Stourhead is a 2,650 acre (11 km²) estate at the source of the River Stour near Mere, in Wiltshire, England. The estate includes a Palladian Mansion, the village of Stourton, gardens, farmland and woodland and is now owned by the National Trust.
The Stourton family had lived in the Stourhead estate for 700 hundred years when they sold it to Henry Hoare I, son of wealthy banker Sir Richard Hoare in 1717. The original manor house was torn down and Colen Campbell was employed to build the new one, one of the first of its kind. Over the next 200 years the Hoare family collected many heirlooms, including a large library and art collection. In 1901 the house was gutted by fire. However many of the heirlooms were saved, and the house re-built in a near identical style. Henry Hugh Arthur Hoare whose heir has been killed in World War I, gave the house to the National Trust in 1947.
The gardens, were designed by Henry Hoare II and laid out between 1741 and 1780, in a classical 18th century design set around a large lake achieved by damming a small stream. The inspiration behind their creation were the painters Claude, Poussin and in particular Gaspar Dughet who painted Utopian type views of Italian landscapes.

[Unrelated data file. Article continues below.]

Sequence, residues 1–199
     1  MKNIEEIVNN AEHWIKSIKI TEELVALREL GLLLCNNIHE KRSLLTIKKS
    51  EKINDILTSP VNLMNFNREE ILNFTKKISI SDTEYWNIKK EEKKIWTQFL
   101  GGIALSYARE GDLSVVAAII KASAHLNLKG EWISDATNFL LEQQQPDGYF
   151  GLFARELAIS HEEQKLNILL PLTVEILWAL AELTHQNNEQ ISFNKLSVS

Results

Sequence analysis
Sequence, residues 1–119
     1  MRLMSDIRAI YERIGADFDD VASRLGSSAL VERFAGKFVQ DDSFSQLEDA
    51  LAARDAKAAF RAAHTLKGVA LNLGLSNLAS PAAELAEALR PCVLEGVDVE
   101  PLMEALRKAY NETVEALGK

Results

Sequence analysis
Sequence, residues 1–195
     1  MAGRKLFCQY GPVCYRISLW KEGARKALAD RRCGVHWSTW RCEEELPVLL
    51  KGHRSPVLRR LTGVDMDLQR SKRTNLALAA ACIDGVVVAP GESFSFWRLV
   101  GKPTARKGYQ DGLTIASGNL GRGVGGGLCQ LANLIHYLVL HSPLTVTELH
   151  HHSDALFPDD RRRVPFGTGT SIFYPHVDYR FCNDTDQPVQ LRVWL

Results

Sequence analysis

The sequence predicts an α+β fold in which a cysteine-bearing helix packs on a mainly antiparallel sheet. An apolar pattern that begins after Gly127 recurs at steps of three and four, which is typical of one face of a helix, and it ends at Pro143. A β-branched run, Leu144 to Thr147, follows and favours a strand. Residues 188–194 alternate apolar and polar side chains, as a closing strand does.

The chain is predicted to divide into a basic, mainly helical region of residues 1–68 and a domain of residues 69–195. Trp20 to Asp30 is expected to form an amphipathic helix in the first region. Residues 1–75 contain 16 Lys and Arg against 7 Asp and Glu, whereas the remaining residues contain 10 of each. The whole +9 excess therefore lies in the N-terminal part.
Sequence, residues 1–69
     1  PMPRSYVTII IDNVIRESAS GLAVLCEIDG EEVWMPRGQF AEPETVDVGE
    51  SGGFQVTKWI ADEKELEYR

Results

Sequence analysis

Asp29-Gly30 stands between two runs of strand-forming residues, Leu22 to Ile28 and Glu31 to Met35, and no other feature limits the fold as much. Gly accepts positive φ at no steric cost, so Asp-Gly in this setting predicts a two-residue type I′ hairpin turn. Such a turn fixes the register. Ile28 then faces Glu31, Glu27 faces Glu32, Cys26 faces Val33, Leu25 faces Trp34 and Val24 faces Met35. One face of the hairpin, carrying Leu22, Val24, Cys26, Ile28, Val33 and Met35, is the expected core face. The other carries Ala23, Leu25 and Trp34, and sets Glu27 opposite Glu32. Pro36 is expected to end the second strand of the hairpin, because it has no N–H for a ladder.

Included in the garden are a number of temples designed to show off the Hoare family'Obelisk" title ="Obelisk">obelisk and King Alfred'Metre" title ="Metre">metre brick folly designed by Henry Flitcroft in 1772), on another hill the temple of Apollo provides a vantage point to survey the magnificent rhododendron, water, cascades and temples. Amongst the woodland surrounding the site there are also 2 iron age hill forts, Whitesheet Hill and Park Hill Camp. The gardens are home to a large collection of trees and shrubs from around the world.